I bring this up because I recently heard an interview on NYC Public Radio with Ben Ratliff, author of a number of books on jazz musicians, whose most recent volume (which I've not read) features a selection of musicians responding to recordings Ratliff plays for them. The interviewer pointed out that certainly these musicians--Sonny Rollins or Maria Schneider or Ornette Coleman, among many others--must listen in a very different way to how the everyday jazz fan would. And of course Ratliff agreed with him. Musicians hear music differently, just as artists look at paintings differently, just as writers look at writing differently. They do so, because they know how it's done. And sometimes it's so amazing that it's beyond understanding.
Speaking as a writer, and a writer who dislikes speaking of process or of himself "as a writer" (for me writing is simply another form of breathing; I do it, and that's an end to it), I know that when I read something that really knocks me out I try to parse what makes this writing so special. In short, what makes it work.
As I mentioned in an earlier entry, I'm now reading Roberto Bolaño's 2666 and am realizing that the writer Bolaño comes closest to, at least in terms of how he expresses himself and how he deals with character, is Bob Dylan. This may sound halfway to lunacy, but it's how it looks to me. I can't say that Bolaño liked or even knew (though he certainly was aware of) Dylan's music, but there's a kind of outlaw approach to the characters and situations in his works (not just 2666) that takes me back to the people who live in Dylan's head and who live out their lives to the chords of his guitar.
We know that Bolaño himself was something of an outlaw. A drug-user, a heavy drinker in his youth, something of a drifter, and yet passionate about his work as a writer, he stole books from bookstores (imagine Philip Roth or John Updike doing that), and got himself locked up in one of Pinochet's prison-cells, after which he lived in exile from his native land. So, like an outlaw, he views his characters both affectionately and with suspicion; they stand at an angle to the universe that makes the light fall on them all the more vividly. In the end, though, it's always what remains in shadow that interests him.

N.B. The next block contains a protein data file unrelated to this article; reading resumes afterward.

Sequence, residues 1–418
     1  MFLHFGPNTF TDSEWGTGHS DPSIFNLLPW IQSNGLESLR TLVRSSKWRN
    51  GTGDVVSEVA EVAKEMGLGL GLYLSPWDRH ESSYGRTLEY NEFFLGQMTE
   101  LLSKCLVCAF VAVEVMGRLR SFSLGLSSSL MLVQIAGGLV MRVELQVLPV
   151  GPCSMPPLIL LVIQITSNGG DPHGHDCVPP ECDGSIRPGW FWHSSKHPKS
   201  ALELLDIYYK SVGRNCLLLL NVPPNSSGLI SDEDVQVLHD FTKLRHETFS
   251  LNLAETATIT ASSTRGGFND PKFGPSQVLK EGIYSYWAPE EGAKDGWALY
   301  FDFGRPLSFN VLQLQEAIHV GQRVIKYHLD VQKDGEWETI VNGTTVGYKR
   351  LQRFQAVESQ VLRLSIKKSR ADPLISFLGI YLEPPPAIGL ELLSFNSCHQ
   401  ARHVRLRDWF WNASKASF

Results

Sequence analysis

So when I read him, as when I read any other writer, part of me is standing back and thinking, "How the hell is he doing this? What is he thinking? What is his motive?" While, when I write screenplays, I'm always thinking "What is the audience making of this? Are they leaving their seats and rushing to the nearest exit, walking and not running? Or are they on the edge of their seats, waiting to see what happens next?"
It's all down to technicality. A musician sitting in the Half Note or Five Spot, watching a show by a musician they admire, will always be thinking about harmony, intervals, rhythmic patterns, technique. A painter who gazes at a painting by, say, Cézanne will understand much of what the artist has done; but also be mystified as to how he carried it off.
This, of course, is one of the keynotes of sublime art: it contains within itself its own mystery of creation. And so we, as writers, can go just so far to understanding how a thing is done; if it's too evident to us, then perhaps what's on the page before us has turned out to be something less than great. And maybe what we need more of these days is that mystery that lies at the heart of true greatness.
Causes J.P. Smith Supports